How Do You Albariño?

Albariño winesQuick – name the most popular Spanish white wine (and grape). Yes, Verdejo, Viura (Macabeo), Godello are all good candidates, but the crown unquestionably belongs to Albariño, the white grape predominantly grown in Rias Baixas in Galicia, in the Nothern Spain.

As it often happens with grapes, nobody can tell for sure where Albariño originated. The leading theory is that the Albariño grape was cultivated in the Rias Baixas area for a few thousands of years. But again, similar to many stories we hear today, things got real with Albariño once the growing zone was designated by the Spanish law in 1980. While initially it was an area designated to the Albariño grape itself, once the EU rules got into the play, the same area became known as Rias Baixas DO (Denominación de Origen), and this is where the absolute majority of Spanish Albariño wine is produced.

In most of the cases, Rias Baixas Albariño is unoaked wine (there are few producers, such as La Cana, who make oaked versions, but this is rare). I don’t like generalizing about the taste of the wines from the specific region, but to me, most of the Albariño wines have a core of salinity and Meyers Lemon. If you think about the location of Rias Baixas, right on the coast of Atlantic Ocean, it makes perfect sense that the most prominent wine from the region perfectly compliments the seafood dishes which one would expect to find in the coastal region. Albariño is easy to drink, works perfectly with and without the food, and it is typically priced under $20, which makes it an excellent white wine choice overall.

It is also worth noting that slowly, but surely, Albariño wines are fine-tuning their identity. What started about 40 years ago as one single region, Rias Baixas, now comprise 5 sub-regions – Ribeira do Ulla, Val do Salnés, Soutomaior, Condado do Tea, and O Rosal. You can’t always find the sub-regions listed on the labels yet, but I’m sure this is just a matter of time.

Make no mistake – the appeal of Albariño is not lost on the rest of the world. Today you can find excellent Albariño wines produced in California (Lodi makes some amazing renditions, such as Bokisch), Oregon, and Washington – and then Texas, lest not forget about Texas. Australia is also churning out some outstanding versions of Spanish classic (don’t think those wines can be found in the USA, though).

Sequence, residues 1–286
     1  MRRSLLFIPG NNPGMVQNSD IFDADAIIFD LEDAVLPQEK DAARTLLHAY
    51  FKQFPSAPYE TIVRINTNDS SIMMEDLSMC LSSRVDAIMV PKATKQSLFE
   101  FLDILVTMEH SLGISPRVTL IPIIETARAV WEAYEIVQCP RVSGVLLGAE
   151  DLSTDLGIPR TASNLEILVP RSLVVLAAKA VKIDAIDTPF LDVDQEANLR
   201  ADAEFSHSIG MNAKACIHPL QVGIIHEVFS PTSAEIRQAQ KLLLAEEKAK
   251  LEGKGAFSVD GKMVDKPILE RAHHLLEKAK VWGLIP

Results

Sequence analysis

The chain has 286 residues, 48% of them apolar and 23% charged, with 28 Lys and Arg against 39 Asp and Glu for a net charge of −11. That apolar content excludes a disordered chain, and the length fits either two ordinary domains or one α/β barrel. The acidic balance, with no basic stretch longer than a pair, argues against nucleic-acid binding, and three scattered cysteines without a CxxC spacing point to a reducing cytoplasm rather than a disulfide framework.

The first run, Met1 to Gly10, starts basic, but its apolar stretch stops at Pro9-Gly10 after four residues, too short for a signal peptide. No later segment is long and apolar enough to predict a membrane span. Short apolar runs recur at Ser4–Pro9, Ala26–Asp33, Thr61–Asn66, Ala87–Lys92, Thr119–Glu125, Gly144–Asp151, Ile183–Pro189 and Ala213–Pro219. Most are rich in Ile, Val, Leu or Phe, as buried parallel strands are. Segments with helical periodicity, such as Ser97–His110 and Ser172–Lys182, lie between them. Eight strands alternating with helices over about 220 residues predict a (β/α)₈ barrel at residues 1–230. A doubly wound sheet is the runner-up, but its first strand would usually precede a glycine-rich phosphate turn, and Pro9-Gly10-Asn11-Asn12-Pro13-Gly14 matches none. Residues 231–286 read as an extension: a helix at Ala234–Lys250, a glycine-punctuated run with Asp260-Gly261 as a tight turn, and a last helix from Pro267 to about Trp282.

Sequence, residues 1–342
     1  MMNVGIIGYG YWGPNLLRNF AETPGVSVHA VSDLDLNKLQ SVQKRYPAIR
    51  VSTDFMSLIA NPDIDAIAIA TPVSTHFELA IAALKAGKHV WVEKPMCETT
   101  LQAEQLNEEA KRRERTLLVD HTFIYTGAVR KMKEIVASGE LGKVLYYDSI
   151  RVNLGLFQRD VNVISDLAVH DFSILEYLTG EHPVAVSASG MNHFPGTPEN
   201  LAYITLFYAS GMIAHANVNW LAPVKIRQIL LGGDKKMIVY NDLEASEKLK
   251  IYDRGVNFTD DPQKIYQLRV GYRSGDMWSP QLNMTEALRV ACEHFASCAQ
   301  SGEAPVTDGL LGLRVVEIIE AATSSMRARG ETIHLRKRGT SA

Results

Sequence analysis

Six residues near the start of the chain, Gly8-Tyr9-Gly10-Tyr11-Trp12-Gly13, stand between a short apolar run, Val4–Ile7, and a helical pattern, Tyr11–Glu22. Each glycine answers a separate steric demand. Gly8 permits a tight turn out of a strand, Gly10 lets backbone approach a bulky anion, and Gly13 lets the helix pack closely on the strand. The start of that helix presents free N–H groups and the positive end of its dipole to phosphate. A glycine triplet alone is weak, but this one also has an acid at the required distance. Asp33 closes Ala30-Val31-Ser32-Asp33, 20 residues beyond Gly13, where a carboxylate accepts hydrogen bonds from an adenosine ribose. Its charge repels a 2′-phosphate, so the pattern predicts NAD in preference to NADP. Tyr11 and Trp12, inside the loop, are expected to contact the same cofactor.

Beginning of August saw a slew of events celebrating Albariño – International Albariño Days took place from August 1 through 5; during the same days, Albariño was celebrated at The Albariño Festival, which is the second oldest wine Festival in Spain, taking place in the city of Cambados in Rías Baixas and attracting more than 100,000 visitors.

It is important to remember that Albariño is not just for summer – it is a versatile white wine, capable to elevate any evening, with or without a seafood dinner in tow. For the past two years, I attended virtual tastings on Snooth, each including a good selection of Albariño from the different sub-regions in Rias Baixas – here you can find the detailed descriptions of the 2017 and 2018 tastings. This year, I was offered an opportunity to try a couple of samples – here are my notes:

2018 Nora Albariño Rias Baixas DO (13% ABV, $18)
Very light golden
A hint of tropical fruit, white flowers, a touch of pineapple, medium-plus intensity, inviting
Clean, fresh, minerally forward, green apples, lemon, round, perfectly balanced.
8, perfectly refreshing for a hot summer day.

2018 Señoro de Rubiós Robaliño Albariño Rias Baixas DO (12.5% ABV, $18)
Light golden
Restrained, minerality, salinity, underripe green apple
Bright, fresh, touch of white plum and lemon, zipping acidity
8-, refreshing, but craves food (oysters!)

What do you think of Albariño? What is your go-to white wine, especially when it is hot outside? Cheers!

  1. August 24, 2019 at 5:46 pm

    Love Albarino! A wonderful grape!

  2. August 25, 2019 at 7:36 pm

    One of my favourite varietals as well. Always look for it when having seafood.

  3. August 27, 2019 at 2:36 am

    We visited the region 3 years ago. There is quite a big difference between the subregions close to the coast, with more saline and citrus wines, and more inland, with more tropical fruit.

    • August 27, 2019 at 8:08 am

      Thanks, Stefan. Visiting the region is always best way to learn about the wines. While I had been drinking Albariño for a long time, it is typically limited to a few brands. Even with virtual tastings, I was unable to pickup the distinction you are talking about – plus those sub-regions are still rarely marked. My definite preference is a coastal expression though.

  4. August 27, 2019 at 8:51 am

    Valminor is a personal favorite of mine, mainly because my favorite wine shop sells it at a good price. I also like Martin Codax, which comes from a woman-owned vineyard–it’s a little pricier but is also more readily available. I think the Fairway wine shop in Stamford always had it in stock.

    • August 27, 2019 at 9:52 am

      There is typically a good selection of Albariño in the wine store. My favorite is La Cana, as I discovered it years ago via the Generous Pour event at The Capital Grill. Too many wines, too little time 😃

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